What is the problem?
Brettanomyces is a contaminating yeast responsible for the release of bad flavours in the wine; the so called “Brett smell” which is due to the presence of volatile phenols.
What is Brettanomyces?
Ethyl phenols and ethyl guaiacols are the main substances produced by the Brettanomyces metabolism through the degradation of the wine hydroxycinnamic acids (p-coumaric acid and ferulic acid). These organic acids are naturally present in musts and grapes and are different for each grape cultivar. The presence of Brettanomyces in musts, grapes and wines is not easy to detect and monitor. Indeed, until now analyses to determine the presence of Brettanomyces have been carried out by equipped laboratories only.
Do you suspect a Brettanomyces contamination in your wine?
At the moment, wineries may require two types of analysis:
• Traditional microbiological analyses. These analyses are cheap, but time-consuming (up to 10 days before obtaining the results);
• Advanced molecular biology tests. These analyses, which concern the quantification of Brettanomyces DNA by Real Time PCR assay, are very expensive and although results are obtained in a shorter time than traditional microbiological tests, there could be the risk of false positives.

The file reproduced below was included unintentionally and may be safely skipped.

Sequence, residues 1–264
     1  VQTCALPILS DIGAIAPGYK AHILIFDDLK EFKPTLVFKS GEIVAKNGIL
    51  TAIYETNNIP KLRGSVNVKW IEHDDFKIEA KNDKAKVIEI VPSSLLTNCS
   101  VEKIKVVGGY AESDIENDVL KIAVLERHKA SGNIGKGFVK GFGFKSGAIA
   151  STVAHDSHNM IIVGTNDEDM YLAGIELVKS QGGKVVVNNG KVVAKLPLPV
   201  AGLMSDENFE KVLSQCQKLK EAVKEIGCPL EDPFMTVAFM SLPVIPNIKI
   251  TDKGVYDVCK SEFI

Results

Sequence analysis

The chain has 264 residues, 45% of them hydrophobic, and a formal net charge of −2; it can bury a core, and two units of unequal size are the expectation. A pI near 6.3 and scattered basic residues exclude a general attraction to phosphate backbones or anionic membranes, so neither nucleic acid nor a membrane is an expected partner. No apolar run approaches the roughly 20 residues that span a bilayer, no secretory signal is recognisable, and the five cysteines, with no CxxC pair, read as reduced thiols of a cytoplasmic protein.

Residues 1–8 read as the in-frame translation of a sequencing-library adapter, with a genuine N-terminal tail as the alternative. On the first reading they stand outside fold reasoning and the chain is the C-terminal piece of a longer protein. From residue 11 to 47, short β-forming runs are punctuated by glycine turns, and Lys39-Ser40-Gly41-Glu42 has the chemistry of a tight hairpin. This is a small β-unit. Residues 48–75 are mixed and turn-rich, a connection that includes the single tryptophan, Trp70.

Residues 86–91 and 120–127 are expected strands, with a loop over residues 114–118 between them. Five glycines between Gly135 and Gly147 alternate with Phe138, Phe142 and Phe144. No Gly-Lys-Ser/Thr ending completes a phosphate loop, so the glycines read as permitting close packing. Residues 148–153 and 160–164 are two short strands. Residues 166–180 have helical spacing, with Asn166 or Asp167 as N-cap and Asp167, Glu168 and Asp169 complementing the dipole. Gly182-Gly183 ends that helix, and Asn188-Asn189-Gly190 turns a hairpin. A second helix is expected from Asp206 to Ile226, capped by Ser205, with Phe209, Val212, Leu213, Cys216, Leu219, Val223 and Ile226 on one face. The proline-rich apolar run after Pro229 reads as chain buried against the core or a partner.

What can Grape do? Discover Self-Brett®!
Grape Grape has recently developed Self-Brett®, a Brettanomyces-detection device never described nor applied before in the oenology field. Self-Brett® is a compact and manageable tool that allows winemakers to detect Brettanomyces contaminations directly at the winery and in complete autonomy, without recurring to specialised laboratory analyses.
If you use Self-Brett®
You do not need to send samples to the lab
You can perform the analysis on your own
You can easily assess the results based on the presence of:
- Color changes
- bad flavours
- yeast colonies on the agar
If you DO NOT use Self-Brett®
You can ask for two types of analyses:
- Traditional microbiological tests with results after 10 days from the sample delivery;
- Advanced molecular biology assays (e.g. Real-Time PCR), faster (about 5 days from the sample delivery) but much more expensive than the former ones.
Hence, you cannot easily know if your wine is contaminated!